Destiny, or Why I Am All In for Bungie’s Latest

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So big news to no-one who is a gamer, the Destiny Beta just concluded a ten-day run across the Playstation and Xbox platforms. I was an eager participant during the four days Xbox users had access, and the entire experience only solidified my feelings about Bungie’s latest offering.

I’m all in.

I first ran across Destiny over a year ago. A new game universe promised by the creators of the Halo franchise? Featuring player-v-player (PvP) as well as co-play options? And a strong storyline threaded throughout, giving you solo play? All against an intriguing science fiction backdrop of humanity’s last stand?

It piqued my interest.

Initially due for release at the beginning of this year, I pre-purchased the game outright in the summer of 2013. Then it was the beta in January, with a July release date. And then, July would be the Beta with a release of September 9. With such disappointing news came other information about the game: it would have elements of an RPG; a diverse skill tree; varied terrain and even several planetary environments; small fireteams and large public events. Destiny was looking better and better, even though it was being pushed back.

Knowing how products can sometimes hit problems on the back end, I took solace in the knowledge that Bungie was doing its best to make the game as great as it could be for Day One (aka “Release Day”).

As the Alpha version was released to select Playstation owners during E3 this year, I watched for news and impressions on the game. Video released by players and reporters showed a beautifully rendered environment and a smooth first-person interface. While complaints popped up about Peter Dinklage’s voice acting as the Ghost, an AI construct, very little negative news came out about the game from the alpha testers. (Aside from immature and self-entitled Xbox owners, that is.)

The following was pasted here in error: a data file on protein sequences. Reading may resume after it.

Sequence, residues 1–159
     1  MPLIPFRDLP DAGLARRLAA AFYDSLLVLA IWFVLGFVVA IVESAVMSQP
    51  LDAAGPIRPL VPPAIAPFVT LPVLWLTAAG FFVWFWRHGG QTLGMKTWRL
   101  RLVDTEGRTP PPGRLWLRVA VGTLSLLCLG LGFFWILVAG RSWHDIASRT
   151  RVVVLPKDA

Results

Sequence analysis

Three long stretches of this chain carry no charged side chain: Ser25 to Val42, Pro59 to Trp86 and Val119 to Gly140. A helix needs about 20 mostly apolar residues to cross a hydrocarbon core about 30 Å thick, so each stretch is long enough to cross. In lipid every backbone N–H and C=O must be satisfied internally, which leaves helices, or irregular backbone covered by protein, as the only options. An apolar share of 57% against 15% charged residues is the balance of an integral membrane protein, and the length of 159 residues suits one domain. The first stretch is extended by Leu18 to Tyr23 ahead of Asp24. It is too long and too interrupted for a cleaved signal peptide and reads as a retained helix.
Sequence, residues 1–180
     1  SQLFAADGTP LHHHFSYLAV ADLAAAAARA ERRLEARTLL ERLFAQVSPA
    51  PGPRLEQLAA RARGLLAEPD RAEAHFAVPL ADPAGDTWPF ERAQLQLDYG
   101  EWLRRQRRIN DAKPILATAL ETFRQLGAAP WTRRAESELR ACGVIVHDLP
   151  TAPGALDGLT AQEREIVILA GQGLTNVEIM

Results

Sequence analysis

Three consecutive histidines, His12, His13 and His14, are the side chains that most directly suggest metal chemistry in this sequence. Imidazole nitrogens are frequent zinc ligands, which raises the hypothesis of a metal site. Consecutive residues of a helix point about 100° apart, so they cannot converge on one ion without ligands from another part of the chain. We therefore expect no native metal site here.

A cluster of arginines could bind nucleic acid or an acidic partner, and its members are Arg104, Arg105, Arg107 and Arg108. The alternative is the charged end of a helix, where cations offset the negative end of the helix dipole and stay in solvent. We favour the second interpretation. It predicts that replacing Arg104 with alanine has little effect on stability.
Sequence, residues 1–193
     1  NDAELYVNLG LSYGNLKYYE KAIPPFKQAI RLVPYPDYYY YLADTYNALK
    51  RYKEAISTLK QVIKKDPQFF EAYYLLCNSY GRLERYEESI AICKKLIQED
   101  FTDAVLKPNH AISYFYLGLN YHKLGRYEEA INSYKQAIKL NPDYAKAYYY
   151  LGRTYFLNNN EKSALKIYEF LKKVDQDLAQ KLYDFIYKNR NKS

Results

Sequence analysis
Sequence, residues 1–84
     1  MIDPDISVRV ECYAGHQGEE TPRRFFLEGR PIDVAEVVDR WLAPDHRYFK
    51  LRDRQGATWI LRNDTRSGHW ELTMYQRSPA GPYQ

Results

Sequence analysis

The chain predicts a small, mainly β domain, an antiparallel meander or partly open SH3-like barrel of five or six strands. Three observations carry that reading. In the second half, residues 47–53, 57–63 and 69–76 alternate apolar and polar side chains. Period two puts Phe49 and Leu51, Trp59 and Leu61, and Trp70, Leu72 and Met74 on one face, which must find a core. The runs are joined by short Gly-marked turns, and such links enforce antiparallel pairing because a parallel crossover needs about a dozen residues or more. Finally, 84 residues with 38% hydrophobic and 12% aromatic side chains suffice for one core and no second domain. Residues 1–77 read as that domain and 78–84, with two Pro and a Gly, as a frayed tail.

That made me more eager for the Beta release date of July 17.

My Warlock at the end of Beta.

My Warlock at the end of Beta.

Even when Bungie announced the Beta schedule, it didn’t dampen my enthusiasm. Despite Xbox players not getting access until July 23 (a week later), I was ready. When I got the email on the 22nd, a full day early, I immediately downloaded the Beta and I was off and running.

Now, I have to say that my Beta experience was made all the sweeter because my lovely wife, knowing of my boundless enthusiasm for the game, let me know I could spend a large amount of time on the game during its five-day window. This may seem unusual to some, but with a full-time job and being dedicated to other pursuits as well as my family, video gaming is a few-hours-a-week activity. Thus my high selectivity about what games to purchase.

Having watched videos at work during lunch, reading up on reviews and impressions, and following IGN’s “Destiny month” of articles, I already knew I would be gravitating to the Warlock class. A jack-of-all-trades user of ‘void energy,’ the Warlock was effective as a mid-range fighter with some devastating close-in special attacks. This class, and several of its subclass specializations, suited my playstyle well.

Another aside: I have what I call “twitchy thumbs.” My thumbs tend to spasm at times, usually when I’m tense and concentrating – often a condition of when I play PvP games in Halo. Thus, it tends to make accurate aiming difficult for me, even with the adjustable reaction speed options in most game menus. It’s something I’ve had for a long time and gotten used to; I’m not exceptionally good at PvP games like Halo, CoD, and Battlefield because of it. That forces me to keep my PvP activity to mostly between friends, or as part of a team of friends in larger match play.

So imagine my surprise and pleasure as during the first mission I not only kept the rifle on target, but managed a run of headshots in the process. (This is practically unheard of for me.) The targeting was smooth and responsive, and I didn’t feel like I was just on the outside edge of control.

Coupled with the gritty and gorgeous terrain, attentive detail and lighting, ambient sound and underlying score, I was hooked less than five minutes into the Beta.

My game stats just doing the Explore option.